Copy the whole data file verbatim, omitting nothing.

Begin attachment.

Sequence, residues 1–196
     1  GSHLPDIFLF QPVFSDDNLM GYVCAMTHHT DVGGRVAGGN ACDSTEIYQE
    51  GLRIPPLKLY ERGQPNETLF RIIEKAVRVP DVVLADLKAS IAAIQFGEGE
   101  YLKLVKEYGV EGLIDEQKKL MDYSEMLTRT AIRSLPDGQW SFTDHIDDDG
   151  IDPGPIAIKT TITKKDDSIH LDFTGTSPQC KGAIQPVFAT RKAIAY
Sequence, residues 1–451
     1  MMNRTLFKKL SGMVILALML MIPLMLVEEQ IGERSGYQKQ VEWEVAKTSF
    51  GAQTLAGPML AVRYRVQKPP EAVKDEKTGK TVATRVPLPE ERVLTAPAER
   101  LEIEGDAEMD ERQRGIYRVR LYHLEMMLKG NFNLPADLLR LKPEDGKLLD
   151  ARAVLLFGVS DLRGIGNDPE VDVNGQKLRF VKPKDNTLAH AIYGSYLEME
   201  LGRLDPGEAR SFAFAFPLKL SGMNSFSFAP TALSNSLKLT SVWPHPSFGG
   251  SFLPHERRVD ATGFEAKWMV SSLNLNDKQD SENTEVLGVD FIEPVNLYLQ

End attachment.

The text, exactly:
Sequence, residues 1–196
     1  GSHLPDIFLF QPVFSDDNLM GYVCAMTHHT DVGGRVAGGN ACDSTEIYQE
    51  GLRIPPLKLY ERGQPNETLF RIIEKAVRVP DVVLADLKAS IAAIQFGEGE
   101  YLKLVKEYGV EGLIDEQKKL MDYSEMLTRT AIRSLPDGQW SFTDHIDDDG
   151  IDPGPIAIKT TITKKDDSIH LDFTGTSPQC KGAIQPVFAT RKAIAY
Sequence, residues 1–451
     1  MMNRTLFKKL SGMVILALML MIPLMLVEEQ IGERSGYQKQ VEWEVAKTSF
    51  GAQTLAGPML AVRYRVQKPP EAVKDEKTGK TVATRVPLPE ERVLTAPAER
   101  LEIEGDAEMD ERQRGIYRVR LYHLEMMLKG NFNLPADLLR LKPEDGKLLD
   151  ARAVLLFGVS DLRGIGNDPE VDVNGQKLRF VKPKDNTLAH AIYGSYLEME
   201  LGRLDPGEAR SFAFAFPLKL SGMNSFSFAP TALSNSLKLT SVWPHPSFGG
   251  SFLPHERRVD ATGFEAKWMV SSLNLNDKQD SENTEVLGVD FIEPVNLYLQ